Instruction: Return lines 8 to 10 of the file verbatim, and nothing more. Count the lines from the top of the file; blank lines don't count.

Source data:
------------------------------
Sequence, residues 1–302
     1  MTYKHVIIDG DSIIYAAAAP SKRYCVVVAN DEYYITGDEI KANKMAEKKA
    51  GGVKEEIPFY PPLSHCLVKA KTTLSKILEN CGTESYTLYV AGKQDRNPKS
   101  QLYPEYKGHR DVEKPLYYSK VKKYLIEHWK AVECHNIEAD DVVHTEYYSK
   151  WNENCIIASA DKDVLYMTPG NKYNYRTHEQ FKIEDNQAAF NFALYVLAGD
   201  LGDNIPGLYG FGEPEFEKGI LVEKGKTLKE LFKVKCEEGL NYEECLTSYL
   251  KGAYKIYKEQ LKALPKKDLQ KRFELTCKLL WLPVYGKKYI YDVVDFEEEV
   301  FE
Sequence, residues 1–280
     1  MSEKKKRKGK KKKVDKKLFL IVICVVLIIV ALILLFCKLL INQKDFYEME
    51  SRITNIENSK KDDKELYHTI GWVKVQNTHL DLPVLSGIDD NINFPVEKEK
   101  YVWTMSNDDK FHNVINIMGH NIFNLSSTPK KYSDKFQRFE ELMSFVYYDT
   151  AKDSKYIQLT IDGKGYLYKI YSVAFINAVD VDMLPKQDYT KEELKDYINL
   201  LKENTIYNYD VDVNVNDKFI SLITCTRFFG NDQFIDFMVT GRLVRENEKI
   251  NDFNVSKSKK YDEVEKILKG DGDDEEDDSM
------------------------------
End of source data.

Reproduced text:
   301  FE
Sequence, residues 1–280
     1  MSEKKKRKGK KKKVDKKLFL IVICVVLIIV ALILLFCKLL INQKDFYEME